In broad terms, a will is a legal document that states how you want your financial assets and property to be handled after your death. You name an executor, who is charge of distributing your property, and beneficiaries, who will receive your property. You can also name permanent guardians for your minor children.
A revocable living trust is a legal entity you create during your lifetime. Any property you choose to place into the trust will be distributed according to its terms after your death. Just like a will, you name someone to manage distributions (the trustee) and the people who will receive your property (beneficiaries).
Unlike a will however, a revocable living trust does not have to go through the probate court to be executed. In California, the probate court process can take 12-16 months to complete, costs approximately 5% of the value of the estate in court fees, and is completely public. Creating a revocable living trust saves your loved ones time, money, and maintains your privacy.
Every LifeLadder Estate Plan includes:
The first important way to protect minor children is by naming potential permanent guardians to care for them if you are no longer able.
A LifeLadder Estate Plan adds the additional protection of naming temporary guardians, in the Kids’ Protection Plan. These temporary guardians are physically located within 20 minutes of the children and can respond immediately during a family emergency. Without a temporary guardian, minor children may be put under the care of Child Protective Services until their designated permanent guardian can be established, located, and brought to the children’s location. Creating a Kids’ Protection Plan avoids that undesirable result.
A revocable living trust can also be crafted to ensure that a minor child’s inheritance will be bother supervised and protected from future creditors, court judgments, and divorce proceedings.
In California, a family’s home is often its largest investment. If you own a home with a fair market value of more than $50,000 (meaning what the home would sell for, regardless of debt), your family will need to go to court to inherit the house, unless you plan ahead.
The court process, called probate, in CA costs on average 5% of the total value of the estate, is totally public, and delays distribution to your heirs for 12-16 months, minimum.
If you have minor children at home, planning is a must. If you could no longer care for your children and had no estate planning in place, the court would decide who should raise them and appoint a fiduciary to manage their inheritance, for a fee. Then, when they turn 18, the remaining inheritance would be distributed to them outright, without any guidance or supervision. Your LifeLadder Estate Plan will be crafted to avoid this outcome, giving you the most possible influence on your children’s futures.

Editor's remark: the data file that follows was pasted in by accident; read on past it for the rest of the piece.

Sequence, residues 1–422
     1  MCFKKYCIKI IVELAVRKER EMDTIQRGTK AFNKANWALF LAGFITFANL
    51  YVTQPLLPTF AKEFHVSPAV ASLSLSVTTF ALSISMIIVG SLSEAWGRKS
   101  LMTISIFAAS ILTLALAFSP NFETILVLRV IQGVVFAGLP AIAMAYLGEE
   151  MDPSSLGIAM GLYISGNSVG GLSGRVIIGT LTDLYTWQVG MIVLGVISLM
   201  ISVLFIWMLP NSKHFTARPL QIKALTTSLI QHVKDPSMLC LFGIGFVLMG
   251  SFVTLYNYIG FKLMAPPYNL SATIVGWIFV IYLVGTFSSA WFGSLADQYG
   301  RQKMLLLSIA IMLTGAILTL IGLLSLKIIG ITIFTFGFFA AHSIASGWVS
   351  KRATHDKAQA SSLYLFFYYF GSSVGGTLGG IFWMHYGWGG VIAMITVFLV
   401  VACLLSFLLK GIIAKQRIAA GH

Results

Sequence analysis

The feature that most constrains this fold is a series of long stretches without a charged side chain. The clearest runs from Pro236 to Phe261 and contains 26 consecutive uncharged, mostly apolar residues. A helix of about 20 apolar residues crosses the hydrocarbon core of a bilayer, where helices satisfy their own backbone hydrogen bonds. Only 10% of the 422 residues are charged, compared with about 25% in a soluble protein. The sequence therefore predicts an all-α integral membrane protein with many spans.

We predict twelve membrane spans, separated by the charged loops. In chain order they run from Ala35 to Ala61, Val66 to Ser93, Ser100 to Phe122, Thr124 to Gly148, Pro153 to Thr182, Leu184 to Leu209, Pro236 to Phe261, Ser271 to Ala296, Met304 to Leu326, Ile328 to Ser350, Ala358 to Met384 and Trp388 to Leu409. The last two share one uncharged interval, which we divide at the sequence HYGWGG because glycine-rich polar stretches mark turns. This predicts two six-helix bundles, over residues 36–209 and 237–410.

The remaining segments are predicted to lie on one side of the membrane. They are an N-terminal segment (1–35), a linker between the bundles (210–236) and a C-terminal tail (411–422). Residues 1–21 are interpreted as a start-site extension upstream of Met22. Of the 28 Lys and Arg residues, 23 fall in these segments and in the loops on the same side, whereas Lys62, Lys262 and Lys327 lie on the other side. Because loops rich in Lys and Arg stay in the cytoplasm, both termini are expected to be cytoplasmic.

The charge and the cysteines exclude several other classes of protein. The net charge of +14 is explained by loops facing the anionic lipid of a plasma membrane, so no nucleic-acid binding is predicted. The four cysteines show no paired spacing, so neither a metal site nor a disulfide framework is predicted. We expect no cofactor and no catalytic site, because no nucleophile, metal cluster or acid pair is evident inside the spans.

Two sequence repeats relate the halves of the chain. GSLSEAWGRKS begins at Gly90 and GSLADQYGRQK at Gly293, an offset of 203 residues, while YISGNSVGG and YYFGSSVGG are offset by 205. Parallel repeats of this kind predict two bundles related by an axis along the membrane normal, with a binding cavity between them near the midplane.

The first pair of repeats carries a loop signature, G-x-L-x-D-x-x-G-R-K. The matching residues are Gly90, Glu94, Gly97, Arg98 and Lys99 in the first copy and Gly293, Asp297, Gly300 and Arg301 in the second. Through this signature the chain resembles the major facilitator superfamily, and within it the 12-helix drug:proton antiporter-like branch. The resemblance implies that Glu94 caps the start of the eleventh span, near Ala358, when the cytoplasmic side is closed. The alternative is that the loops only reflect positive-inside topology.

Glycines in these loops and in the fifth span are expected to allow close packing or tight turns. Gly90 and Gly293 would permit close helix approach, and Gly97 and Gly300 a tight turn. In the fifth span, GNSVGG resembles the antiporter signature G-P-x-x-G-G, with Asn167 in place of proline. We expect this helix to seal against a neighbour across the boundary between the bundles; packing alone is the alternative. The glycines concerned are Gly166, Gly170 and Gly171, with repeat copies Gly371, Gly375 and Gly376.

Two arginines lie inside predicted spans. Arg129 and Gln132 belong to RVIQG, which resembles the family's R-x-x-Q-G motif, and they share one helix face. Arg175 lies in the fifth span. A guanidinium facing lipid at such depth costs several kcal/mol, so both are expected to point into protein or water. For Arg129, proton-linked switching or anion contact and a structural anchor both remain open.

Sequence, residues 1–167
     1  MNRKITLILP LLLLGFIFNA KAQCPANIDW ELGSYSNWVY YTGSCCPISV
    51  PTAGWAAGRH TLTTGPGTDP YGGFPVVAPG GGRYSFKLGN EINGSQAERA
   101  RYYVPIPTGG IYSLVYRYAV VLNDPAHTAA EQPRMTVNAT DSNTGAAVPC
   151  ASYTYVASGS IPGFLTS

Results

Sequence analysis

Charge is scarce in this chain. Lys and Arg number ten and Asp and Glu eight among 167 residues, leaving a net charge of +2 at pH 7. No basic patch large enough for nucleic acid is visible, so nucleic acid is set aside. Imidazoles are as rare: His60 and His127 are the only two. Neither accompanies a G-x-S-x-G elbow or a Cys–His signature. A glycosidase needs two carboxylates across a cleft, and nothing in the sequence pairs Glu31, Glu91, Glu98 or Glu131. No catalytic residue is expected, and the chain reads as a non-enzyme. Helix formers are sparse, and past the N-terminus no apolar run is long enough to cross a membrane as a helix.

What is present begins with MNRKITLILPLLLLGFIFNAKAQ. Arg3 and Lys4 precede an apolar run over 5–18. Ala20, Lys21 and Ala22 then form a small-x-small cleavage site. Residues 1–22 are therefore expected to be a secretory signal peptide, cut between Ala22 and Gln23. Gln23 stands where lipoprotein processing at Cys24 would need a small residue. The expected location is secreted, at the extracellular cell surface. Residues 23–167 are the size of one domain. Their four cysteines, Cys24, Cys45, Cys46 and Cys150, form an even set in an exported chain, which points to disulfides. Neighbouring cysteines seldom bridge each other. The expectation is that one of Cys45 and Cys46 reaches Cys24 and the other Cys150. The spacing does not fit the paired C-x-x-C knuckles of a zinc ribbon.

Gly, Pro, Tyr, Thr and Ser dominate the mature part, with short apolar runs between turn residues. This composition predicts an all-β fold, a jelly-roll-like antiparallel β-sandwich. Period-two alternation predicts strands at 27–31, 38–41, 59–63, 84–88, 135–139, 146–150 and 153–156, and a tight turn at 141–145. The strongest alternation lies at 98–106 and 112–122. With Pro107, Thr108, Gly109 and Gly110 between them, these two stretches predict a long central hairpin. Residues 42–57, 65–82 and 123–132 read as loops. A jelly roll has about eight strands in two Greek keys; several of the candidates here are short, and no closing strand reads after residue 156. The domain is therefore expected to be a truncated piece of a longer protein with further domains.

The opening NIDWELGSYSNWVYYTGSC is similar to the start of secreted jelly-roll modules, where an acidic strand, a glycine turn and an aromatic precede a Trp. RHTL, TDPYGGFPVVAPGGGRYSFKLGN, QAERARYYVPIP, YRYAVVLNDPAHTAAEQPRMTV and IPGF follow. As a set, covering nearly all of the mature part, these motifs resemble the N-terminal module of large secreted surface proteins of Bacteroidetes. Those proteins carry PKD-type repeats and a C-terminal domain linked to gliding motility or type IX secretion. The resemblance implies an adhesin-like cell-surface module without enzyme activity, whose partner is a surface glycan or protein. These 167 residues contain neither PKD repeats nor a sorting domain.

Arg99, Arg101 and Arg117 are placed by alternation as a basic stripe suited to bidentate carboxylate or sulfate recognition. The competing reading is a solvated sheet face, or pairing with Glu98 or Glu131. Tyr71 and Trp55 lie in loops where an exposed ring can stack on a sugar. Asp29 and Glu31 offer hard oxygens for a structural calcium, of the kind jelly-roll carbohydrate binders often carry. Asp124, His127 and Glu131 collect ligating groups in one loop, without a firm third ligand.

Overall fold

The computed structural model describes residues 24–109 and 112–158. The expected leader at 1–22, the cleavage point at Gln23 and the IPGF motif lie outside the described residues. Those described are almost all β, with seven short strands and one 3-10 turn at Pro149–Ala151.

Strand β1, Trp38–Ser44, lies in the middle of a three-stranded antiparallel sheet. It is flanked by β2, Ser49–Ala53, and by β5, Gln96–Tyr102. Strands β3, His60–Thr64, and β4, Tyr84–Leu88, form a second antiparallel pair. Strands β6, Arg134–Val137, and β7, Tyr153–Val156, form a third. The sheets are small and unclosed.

When you plan with LifeLadder, we will have three important meetings. These meetings will be held via videoconference, from the comfort and convenience of your home or office. The entire process takes three months, with one meeting each month.
The first meeting is the Design Meeting, where you decide the specifics of your estate plan distributions. The second meeting is the Signing Meeting, where you will sign all the documents in the presence of a mobile notary. The third meeting is the Delivery Meeting, where you will receive your complete Estate Plan Binder, after having funded your revocable living trust.
We encourage open lines of communication with our clients. To that end, we’ve thrown out the time clocks and billable hours, so you never have to be afraid to call with a quick question. We offer three LifeLadder Estate Plan packages which are a flat fee, agreed to in advance, so there are never any surprises.
The Family Plan, which is a will-based estate plan, costs between $1500 and $3500. The Trust Plan ranges between $3500 and $5500, depending upon the complexity of the trust, as decided by you at the Design Meeting. For an additional cost of $2000, we can also manage the funding of your trust under the Wealth Plan.
If you already have a will, your estate will still have to go through a court process called probate, at an average cost of 5% of the value of the estate and with a delay of 12-16 months before your family can receive their distributions.
If you already have a trust, it may not successfully carry out your wishes if it is not kept up to date throughout your lifetime. If there have been any changes in your life, the law or your assets since you drafted your estate plan, your documents need to be updated to ensure they continue to reflect your priorities.
Other important documents like the Financial Power of Attorney and the Advanced Healthcare Directive are generally less respected by receiving institutions if they are more than three years old.
The first step is to watch this webinar, which will unlock the attorney’s online scheduler. Prior to the Design Meeting, you will need to fill out a Family Wealth Inventory and Assessment online, which describes your assets and the people you may consider has agents or beneficiaries in your estate plan.